He said the lessons inspire him to offer consultations in English and even eventually move to the U.S. if possible.  “She not only allowed me to take part in the course but she ensures that I’m really included. She’s very motivational,” he said.

Yuriy Kopyl, 45, suffered a severe shrapnel wound to the leg. He is married with two children. Since leaving the military he has worked as a specialist using computerization to automize industrial processes in Kryvorih.

He realized he needed English for his fast-changing field of work: “Tetyana’s courses deal with practical uses of English which I need as a programmer.”

Another incentive to improve his English is linked to his determination to overcome his war injuries by competitive powerlifting and cross fitness. And to compete in international competitions, he said, English is needed.

Dmytro Utkin, born in Kyiv, is 35 and married with two children.  He spent six months in 2015 as one of the legendary defenders of Donetsk Airport, dubbed “cyborgs” by their Russian enemies amazed because the Ukrainians kept fighting, despite overwhelming odds and severe casualties, much longer than anyone imagined they could hold out.

He left the army in 2016 and has a job as a marketing manager for Petcube Inc., a Ukrainian startup producing innovative high-tech gadgets for pet owners away from home to observe and care for their cats and dogs and even diagnose medical problems.

Although Utkin had a reasonable command of English from his schooldays, he realized he needed to improve it for working with companies that all use English to communicate.

He said “English for me is a tool to effectively communicate with top stakeholders, contractors, our design team, and American companies like Amazon and Walmart. So English is an essential skill for me and Tetyana teaches people to use that language in real-life personal and professional circumstances.

“I very much appreciate Tetyana’s help and the opportunity she has offered me and other veterans. What she is doing is really great.”

Svitlana Guba is one of the five Ukrainian widows Shea met in 2019 through the TAPS organization and is also about to finish her five-month course.

Her husband, Major Yakiv Guba, was killed at the age of 29 in August 2014 during the intense and brutal fighting at Ilovaisk, the eastern Donbas city under Kremlin control.

The couple had a son, now 13. Guba, who is 34, works as the secretary to the chief doctor in a large hospital in the city of Dnipro, the eastern provincial capital of 1 million people located 482 kilometers southeast of Kyiv.

After being introduced to TAPS on her trip to America, she helped form a Ukrainian TAPS organization.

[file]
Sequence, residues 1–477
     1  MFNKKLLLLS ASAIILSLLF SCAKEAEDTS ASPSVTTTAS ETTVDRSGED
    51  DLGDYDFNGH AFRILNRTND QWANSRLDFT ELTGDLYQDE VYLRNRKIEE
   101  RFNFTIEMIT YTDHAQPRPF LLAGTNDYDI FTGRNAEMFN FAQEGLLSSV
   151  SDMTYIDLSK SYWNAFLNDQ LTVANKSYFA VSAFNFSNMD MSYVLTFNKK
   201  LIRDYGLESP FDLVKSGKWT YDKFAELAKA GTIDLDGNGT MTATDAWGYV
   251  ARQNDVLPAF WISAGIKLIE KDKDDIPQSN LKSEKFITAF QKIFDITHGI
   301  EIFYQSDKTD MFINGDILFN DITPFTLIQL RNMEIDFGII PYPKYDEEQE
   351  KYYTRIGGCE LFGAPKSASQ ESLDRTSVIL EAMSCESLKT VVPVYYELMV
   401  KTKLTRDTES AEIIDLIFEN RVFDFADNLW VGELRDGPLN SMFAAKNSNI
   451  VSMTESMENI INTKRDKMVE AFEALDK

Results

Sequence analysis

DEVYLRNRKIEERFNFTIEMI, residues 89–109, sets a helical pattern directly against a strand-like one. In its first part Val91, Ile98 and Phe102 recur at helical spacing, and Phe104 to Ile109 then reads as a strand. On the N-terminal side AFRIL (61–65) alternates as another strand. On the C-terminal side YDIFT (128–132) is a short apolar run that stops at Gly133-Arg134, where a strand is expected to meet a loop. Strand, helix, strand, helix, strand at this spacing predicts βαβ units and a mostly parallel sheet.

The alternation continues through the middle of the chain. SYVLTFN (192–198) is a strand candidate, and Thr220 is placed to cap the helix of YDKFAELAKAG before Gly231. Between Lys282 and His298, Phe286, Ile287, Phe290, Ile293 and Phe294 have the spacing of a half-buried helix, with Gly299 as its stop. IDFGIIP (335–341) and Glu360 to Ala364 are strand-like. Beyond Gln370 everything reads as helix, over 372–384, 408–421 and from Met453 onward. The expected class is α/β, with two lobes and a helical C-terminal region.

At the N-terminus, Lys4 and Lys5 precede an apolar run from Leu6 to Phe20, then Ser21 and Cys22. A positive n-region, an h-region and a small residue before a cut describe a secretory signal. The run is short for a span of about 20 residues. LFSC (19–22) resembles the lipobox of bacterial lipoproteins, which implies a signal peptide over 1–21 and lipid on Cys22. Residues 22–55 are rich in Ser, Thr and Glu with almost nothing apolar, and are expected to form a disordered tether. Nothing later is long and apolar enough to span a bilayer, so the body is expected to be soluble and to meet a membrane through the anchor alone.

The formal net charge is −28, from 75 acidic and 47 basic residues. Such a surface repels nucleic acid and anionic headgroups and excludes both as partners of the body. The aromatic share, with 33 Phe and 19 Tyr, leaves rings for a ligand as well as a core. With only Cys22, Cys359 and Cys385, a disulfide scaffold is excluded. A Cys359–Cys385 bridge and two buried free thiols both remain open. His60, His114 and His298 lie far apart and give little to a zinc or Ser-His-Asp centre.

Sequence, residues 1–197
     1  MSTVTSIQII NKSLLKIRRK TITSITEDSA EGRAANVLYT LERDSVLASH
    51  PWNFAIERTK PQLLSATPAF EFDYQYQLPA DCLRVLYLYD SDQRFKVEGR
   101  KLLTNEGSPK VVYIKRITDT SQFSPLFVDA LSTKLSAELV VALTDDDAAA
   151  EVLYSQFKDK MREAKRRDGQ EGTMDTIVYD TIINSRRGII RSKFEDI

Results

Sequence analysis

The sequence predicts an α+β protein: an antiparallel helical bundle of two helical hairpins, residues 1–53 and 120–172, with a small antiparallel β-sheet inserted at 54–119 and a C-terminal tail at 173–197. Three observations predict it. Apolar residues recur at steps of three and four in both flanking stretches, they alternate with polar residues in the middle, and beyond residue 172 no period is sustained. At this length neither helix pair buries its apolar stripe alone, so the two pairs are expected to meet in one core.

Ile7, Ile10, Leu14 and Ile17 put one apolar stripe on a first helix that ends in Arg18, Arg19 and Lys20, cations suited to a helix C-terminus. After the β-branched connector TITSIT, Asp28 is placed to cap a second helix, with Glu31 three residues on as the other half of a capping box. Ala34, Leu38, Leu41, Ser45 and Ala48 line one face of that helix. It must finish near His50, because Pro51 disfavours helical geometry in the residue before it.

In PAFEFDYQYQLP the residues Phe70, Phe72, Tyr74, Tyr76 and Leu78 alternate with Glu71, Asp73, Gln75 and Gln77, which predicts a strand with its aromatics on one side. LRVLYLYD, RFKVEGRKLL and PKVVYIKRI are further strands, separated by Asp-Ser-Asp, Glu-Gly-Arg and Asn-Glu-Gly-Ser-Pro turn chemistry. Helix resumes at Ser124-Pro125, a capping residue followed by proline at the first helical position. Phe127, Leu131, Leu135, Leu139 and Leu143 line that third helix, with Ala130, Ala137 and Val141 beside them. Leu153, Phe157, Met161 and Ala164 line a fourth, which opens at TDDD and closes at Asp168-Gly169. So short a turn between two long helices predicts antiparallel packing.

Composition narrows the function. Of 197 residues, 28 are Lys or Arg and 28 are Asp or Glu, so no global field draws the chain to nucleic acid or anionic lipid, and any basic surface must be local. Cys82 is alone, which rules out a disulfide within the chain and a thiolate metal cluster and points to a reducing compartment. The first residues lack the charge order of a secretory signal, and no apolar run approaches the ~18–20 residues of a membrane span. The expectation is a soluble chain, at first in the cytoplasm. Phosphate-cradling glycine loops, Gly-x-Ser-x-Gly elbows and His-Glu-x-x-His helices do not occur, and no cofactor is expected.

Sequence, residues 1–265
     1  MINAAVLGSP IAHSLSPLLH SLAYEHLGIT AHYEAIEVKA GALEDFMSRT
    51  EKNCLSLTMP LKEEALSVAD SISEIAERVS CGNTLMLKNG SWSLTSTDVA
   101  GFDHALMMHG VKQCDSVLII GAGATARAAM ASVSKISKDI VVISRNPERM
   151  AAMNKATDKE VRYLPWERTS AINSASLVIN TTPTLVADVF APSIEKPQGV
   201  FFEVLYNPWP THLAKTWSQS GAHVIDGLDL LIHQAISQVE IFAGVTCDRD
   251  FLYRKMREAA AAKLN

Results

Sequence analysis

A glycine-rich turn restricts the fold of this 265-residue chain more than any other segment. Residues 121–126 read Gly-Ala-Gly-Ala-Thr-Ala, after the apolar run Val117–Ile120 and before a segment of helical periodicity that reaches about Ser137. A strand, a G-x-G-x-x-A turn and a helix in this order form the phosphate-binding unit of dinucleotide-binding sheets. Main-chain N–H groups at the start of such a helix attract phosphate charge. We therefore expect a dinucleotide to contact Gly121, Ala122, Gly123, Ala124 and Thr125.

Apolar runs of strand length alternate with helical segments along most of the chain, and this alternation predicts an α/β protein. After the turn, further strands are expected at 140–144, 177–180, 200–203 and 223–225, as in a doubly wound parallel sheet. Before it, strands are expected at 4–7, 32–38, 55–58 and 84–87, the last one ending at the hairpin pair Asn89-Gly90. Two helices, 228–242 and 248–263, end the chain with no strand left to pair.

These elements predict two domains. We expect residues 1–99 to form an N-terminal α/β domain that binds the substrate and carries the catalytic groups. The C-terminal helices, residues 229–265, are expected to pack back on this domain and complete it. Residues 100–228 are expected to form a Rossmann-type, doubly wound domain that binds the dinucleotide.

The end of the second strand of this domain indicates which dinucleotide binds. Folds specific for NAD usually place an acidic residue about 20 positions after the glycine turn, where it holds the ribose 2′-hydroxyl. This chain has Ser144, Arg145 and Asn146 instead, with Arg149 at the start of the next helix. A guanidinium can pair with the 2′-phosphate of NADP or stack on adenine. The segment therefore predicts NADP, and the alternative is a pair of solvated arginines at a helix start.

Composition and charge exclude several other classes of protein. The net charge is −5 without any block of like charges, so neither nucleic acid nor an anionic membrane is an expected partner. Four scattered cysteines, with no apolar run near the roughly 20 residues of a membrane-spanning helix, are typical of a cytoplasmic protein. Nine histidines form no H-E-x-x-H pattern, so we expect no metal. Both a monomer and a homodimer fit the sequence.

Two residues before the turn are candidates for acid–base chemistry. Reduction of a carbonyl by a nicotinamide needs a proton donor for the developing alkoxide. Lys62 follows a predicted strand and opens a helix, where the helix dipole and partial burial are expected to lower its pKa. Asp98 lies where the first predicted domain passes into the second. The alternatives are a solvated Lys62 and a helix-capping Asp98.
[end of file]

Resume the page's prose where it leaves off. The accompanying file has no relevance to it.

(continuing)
Guba explained that knowledge of English is necessary for many aspects of the medical and administrative work in large hospitals:

“The English language is important for professional reasons.  For instance, it means that I don’t need a translator. It opens doors.”

She added that Tetyana’s course has brought other positive things into her life: “Learning the language also represents personal development and that’s very important. Before I didn’t understand anything and now I feel more confident. I will apply for the advanced course.”

Shea plans to provide three-month courses in basic computer skills with 23 veterans already signed up for the first one due to start this month.

However, whereas Shea and another volunteer teach English for free, she will have to pay fees to some of the computing tutors and to rent computers for those who cannot afford their own – for a total of $8,000.

She has approached some American businesses for donations and is being supported in her search for funds by the US-Ukraine Business Council.

The USUBC has more than 200 members and works to advance U.S. companies’ trade and investment interests in Ukraine and provide links to America for Ukrainian companies.

Its president, Morgan Williams, praised Shea’s courses and said that those taking part gained skills that increased their value to any prospective employer. “It’s obvious to me that if you are dealing with international clients, having English skills would be a huge benefit and a real plus on anyone’s resume,” he said.

Andy Hunder, president of the 500-member American Chamber of Commerce in Ukraine, said that military veterans are valued as disciplined and trustworthy employees in America and have much to offer Ukrainian employers.

He said: “These are people who sacrificed so much and bringing them back to the workplace is something employers should see as something of great benefit.

“Employers look for leadership skills and military veterans are real leaders.  They have discipline and willingness to take on responsibility. In a workplace environment, I think these are skills that any employer should cherish.”

USUBC NOTE: “People of Ukraine” Foundation is a member of U.S.-Ukraine Business Council (USUBC), Washington, D.C.